the Reconstruction Finance Corpora
tion. Ljolye formerly was private
secretary to Frank Hancock, former
head of the Farm Security Admin
Brewer, who recently was releas
ed to inactive duty by the navy,
coached athletics at Appalachian
State Teachers College, and later
was school textbook salesman. Aft
er being commissioned in the navy,
he served as public relations officer
for the preflight school at Chapel
Hill. He spent the last portion of
the war on active duty with the Pa
Local Theatre Manager
Is Winner in Contest
Mr. Bob Agle, manager of Appa
lachian Theatre, is in receipt of a
$100 war bond and a letter of com
mendation from his employer, Mr.
A. Fuller Sams, Jr., of Statesville, in
connection with his having won in a
contest conducted through the ten
theatres of the chain during the last
quarter of 1945.
The contest, which was conducted
around increased theatre attendance,
brought a local increase of ten per
cent, Mr. Agle being the only mana
ger of the ten to make the goal. In
view of the severe winter weather
which was experienced here during
a large part of the contest period,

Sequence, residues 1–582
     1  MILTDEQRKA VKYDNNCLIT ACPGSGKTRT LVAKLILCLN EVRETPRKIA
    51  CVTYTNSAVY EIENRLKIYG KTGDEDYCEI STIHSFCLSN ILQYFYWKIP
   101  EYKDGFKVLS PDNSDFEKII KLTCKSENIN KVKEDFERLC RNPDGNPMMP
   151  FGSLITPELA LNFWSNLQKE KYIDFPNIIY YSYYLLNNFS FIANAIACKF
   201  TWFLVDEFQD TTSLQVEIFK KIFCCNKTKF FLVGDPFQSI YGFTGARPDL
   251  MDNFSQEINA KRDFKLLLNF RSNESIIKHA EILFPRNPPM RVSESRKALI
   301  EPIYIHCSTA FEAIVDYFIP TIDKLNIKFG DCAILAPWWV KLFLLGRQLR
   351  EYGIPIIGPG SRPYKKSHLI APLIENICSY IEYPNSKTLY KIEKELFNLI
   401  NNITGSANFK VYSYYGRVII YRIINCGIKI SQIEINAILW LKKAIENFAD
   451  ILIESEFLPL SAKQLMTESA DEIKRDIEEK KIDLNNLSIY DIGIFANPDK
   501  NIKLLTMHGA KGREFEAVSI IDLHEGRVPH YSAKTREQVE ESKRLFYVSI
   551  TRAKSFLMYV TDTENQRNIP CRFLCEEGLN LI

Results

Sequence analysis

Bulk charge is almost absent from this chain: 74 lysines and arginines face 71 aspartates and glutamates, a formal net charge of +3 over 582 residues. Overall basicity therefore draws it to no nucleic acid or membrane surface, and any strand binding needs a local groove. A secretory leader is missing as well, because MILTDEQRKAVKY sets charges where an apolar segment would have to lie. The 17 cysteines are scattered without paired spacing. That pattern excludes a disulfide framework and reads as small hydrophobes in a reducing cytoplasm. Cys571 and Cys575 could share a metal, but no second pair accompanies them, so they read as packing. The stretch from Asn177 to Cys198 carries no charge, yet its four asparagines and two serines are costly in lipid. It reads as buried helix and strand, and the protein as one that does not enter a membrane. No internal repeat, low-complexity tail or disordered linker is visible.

and the fact that Boone is one of the
smaller communities in which Mr.
Sams operates, the accomplishment
of Mr. Agle is all the more outstand
Knitters Are Needed
By Local Red Cross
There is an urgent need for vol
unteer knitters to complete local
knitting as well as sewing, states
Mrs. Mae Miller, production chair
man of the Watauga Red Croes chap
Mrs. Miller states that those wil
ling to work may get material at
the Red Cross rooms in the Boone
Drug Store building or at her home
TWO ARE BEING
North Wilkesboro Taxi Opera
tor Bound, Gagged and Rob
bed by Passengers Near Deep
Gap; Local Officers Take Two,
One Makes Escape
John Albert Bradley, 30, Jones
boro, Tenn., and Frances Greer
Hawkins, 23-year-old woman of
Lenoir, are being held in Watauga
jail on charges of highway robbery,
and Millard Greer, the third mem
ber of the party who robbed and
bou n A a North Wilkesboro taxi
driver, is being sought by officers
of three states, for his part in the
Information gathered by State
Highway Patrolman Miles Jones and
Police Chief O. L. Scruggs, who
made the arrests, is that the
two men and one woman employed
Clayton C. Davis of North Wilkes
boro to bring them to Deep Gap in
his taxi; that when they arrived at
the Gap, they asked the driver to
proceed to the Gap Creek road, so
that they might visit relatives. * He
was covered with a gun, and at a
point in the edge of Ashe county,
ar the Cowles stand, he was rob
d of $55 in currency, taken into
the woods, his wrists and moutn
bound with adhesive, and tied to a